Rooney accepts Donald Ross Award in emotional evening at Southern Hills, architects enjoy Tulsa stay

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By Ken MacLeod

Dan Rooney may have been the first winner of the Donald Ross Award to prepare a baby bottle while waiting to give an acceptance speech, but it was that kind of family atmosphere Monday night for the Folds of Honor founder.
 
Rooney, wife Jacqy and five daughters were all present at Southern Hills Country Club when the American Society of Golf Course Architects honored him with the Donald Ross Award, first given 39 years ago to Robert Trent Jones, father of Robert Trent Jones Jr. and last year to Rees Jones. Rees and RTJ II were there to co-present the award to Rooney.
 
Jones Jr. is also the architect of The Patriot, where the visiting architects played Sunday before rounds at Southern Hills Monday and Tulsa Country Club on Tuesday.
 
"The Donald Ross Award goes to those who have honored the game and contributed to the understanding of what golf course architecture does for the game and the community," Jones Jr. said. "I’m very proud for Dan. It’s another example of what he calls synchronicity."
 
"It was an awesome night," Rooney said. "It’s an understatement to say you’re humbled and honored. To have my family there and my closest friends was great. I know it was a super night for Bobby. Tom Watson showed up and that made it even more special.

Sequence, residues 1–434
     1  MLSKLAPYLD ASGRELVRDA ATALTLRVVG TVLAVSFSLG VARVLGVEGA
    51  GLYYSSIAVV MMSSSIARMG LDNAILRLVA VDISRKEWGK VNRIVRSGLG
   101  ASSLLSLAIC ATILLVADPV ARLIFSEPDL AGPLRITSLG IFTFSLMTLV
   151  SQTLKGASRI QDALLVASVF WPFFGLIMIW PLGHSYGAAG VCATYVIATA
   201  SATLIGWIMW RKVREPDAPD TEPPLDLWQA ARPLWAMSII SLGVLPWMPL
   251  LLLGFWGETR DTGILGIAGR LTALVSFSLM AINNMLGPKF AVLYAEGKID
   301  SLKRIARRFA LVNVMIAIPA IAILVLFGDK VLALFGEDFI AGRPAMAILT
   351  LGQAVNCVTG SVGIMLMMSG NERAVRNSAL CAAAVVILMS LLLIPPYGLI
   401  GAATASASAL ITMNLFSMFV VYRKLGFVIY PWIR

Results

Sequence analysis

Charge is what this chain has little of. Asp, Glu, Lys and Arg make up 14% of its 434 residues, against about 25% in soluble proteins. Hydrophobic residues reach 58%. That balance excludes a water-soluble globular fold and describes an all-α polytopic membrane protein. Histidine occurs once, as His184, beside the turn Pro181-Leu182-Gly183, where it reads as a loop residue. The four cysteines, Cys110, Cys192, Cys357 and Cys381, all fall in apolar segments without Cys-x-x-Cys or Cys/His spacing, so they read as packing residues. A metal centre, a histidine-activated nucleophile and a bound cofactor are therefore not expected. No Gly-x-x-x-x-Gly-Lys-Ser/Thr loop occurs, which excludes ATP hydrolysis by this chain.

"My two big objectives were to have the group play The Patriot and feel the spirit and mission of this place, and then to have them spread those seeds of patriotism in their respective spheres of influence.."
 
Both Rooney and Jones said they received great feedback from the architects on the course.
 
"All of us work diligently in the vinyards trying to turn our grapes into wine," Jones said. "We all hope when people taste the wine, they appreciate the effort to get there. And it’s particularly interesting with this group because they are both colleagues and competitors.
 
"The worst thing you can hear is for someone to come up and say ‘nice course Bobby.’ That’s just being nice with no meaning. This time they had all sorts of technical questions and reactions to the course. They were engaged by it, which is what you want."
 
Ron Whitten, renowned architectural critic for Golf Digest and a part-time architect as well, said the feedback he heard was very positive.
 
"They enjoyed it because many of the holes collect shots instead of repel them," Whitten said. "It has some open approaches to greens, then some forced carries which are really dramatic. The 18th hole is one of the more dramatic finishing holes in golf. It’s like if No. 8 at Pebble Beach were the 18th hole."
 
Much like Prairie Dunes has holes that represent all the various topography in Kansas, Whitten said The Patriot is a microcosm of Oklahoma features, with its prairie holes, woodlands, canyons and wetlands.
 
Whitten said the trip was a good reminder or learning experience for the more than 100 architects who attended of the wonderful variety of golf in the Tulsa area.

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Ken MacLeod

Ken MacLeod

Publisher Golf Oklahoma | Oklahoma's No. 1 Golf Source

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